LEGO remains an eternally popular kid’s toy – especially with the younger variety. For an unusual and extremely popular birthday party idea a LEGO theme is a big hit with fans of a range of ages. Mums and dads everywhere will be glad to know that creating the theme is not at all difficult and much of the preparation and decoration can be of the home made variety. Here are a few ideas to get you started.
Invitations and Place Settings
I’m never sure that place settings are a good idea for our little friends, as they rarely seem capable of staying in one place, especially one that you can see them for more than a minute or two. However, both invitations and place settings create a ‘grown-up’ feel that kids seem to love. For the homemade variety, the ancient art of Kirigami is ideal. You can create a LEGO mini-figure template easily and then by folding coloured paper or card cut out the shape to create individual place settings and invitation cards. Longer strings (as in the ancient art of the paper chain) can be created to decorate around the room.
No kid’s party is a party without a range of games. There’s an element of intelligent design in this one: get a good mix of individual and group games to ensure that all the kids get chance to participate. The old ‘how many LEGO pieces in the jar?’ trick is great as both an aid to tidying up before the party and an opening game as guests arrive. Small LEGO kits can form the basis of individual tasks in which everyone is a winner (they get to keep the toy) or larger kits can be used as group games – the bits can be hidden with clues to create a treasure hunt and building game; the first team to find the pieces and complete the model is the winner. This last game is a good one at keeping them occupied for quite some time – always a bonus.
Piñatas have travelled the globe – presumably in an attempt to get away from kids with sticks – and a modern party is not complete with something large, suspended and full of sweets for the kids to destroy. A LEGO piñata is considerably easier to create than the traditional mule variety, needing only one large cardboard box, some paint/tissue paper for covering, and old margarine tubs to create the connectors. The piñata can be any size you choose, but a size that suits that of the kids, or the number of them, is best.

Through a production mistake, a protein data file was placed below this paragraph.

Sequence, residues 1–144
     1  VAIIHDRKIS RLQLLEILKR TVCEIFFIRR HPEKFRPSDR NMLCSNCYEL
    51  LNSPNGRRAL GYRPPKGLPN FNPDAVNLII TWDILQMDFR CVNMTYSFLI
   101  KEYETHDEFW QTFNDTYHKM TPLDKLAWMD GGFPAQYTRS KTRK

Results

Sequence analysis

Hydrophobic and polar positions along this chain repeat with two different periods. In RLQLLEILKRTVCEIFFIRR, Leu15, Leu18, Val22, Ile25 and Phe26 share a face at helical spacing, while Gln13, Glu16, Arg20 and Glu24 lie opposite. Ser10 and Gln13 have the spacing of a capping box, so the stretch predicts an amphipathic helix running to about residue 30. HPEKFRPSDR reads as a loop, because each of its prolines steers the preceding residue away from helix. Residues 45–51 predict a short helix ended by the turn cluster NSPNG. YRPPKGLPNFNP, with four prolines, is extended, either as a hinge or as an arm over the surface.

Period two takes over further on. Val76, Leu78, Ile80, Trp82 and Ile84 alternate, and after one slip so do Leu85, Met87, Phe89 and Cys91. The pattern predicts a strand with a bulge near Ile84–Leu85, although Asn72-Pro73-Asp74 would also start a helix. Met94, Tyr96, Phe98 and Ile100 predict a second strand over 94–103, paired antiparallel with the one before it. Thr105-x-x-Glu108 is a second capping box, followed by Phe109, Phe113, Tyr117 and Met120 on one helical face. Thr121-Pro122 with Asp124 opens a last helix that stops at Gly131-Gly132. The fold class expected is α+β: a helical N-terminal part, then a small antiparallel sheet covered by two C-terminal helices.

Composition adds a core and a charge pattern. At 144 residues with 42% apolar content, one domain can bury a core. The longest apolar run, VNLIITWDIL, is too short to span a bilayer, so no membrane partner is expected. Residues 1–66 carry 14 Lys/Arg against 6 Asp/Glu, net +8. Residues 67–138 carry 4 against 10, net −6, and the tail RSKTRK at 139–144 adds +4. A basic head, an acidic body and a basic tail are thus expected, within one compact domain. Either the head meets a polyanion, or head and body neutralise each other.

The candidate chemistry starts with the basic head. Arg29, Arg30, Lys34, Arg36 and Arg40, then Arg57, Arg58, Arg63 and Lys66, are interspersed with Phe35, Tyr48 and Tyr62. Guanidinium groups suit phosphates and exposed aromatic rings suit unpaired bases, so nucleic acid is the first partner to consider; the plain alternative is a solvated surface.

Cake and more Cake
LEGO cake pops are surprisingly easy to make. You’ll simply need a large amount of sponge cut into lollipop sized cubes. Use icing or frosting, of the commercial variety, coloured with appropriate bright primary colours and use Smarties, or other suitably shaped sweets to create the connectors. You’ll need to ‘glue’ the Smarties to the cubes of cake with a little frosting and let this set in the fridge before smothering in the remaining frosting. Once these have set, you can then skewer them onto lollipop sticks and present around the table in glasses for the masses. The cake is the final and essential touch to the party. Again, using simple sponge you can decorate with icing and round muffin or fairy cake sized ‘connectors’. Use brightly coloured icing for the finishing touch and the appropriate amount of candles. If you’re the adventurous type, you can re-create the fitted together block look using several layers of cake and different coloured icing, topping off with ‘connectors’ on the final layer.
Thanks to Carlo: freelance blogger on things to do with children, LEGO and travel covering everything from birthday parties at LEGOLAND Discovery Center in Dallas/Fort Worthto the best theme parks in US. Aside from writing, Carlo is into gardening, cycling and cooking Italian food.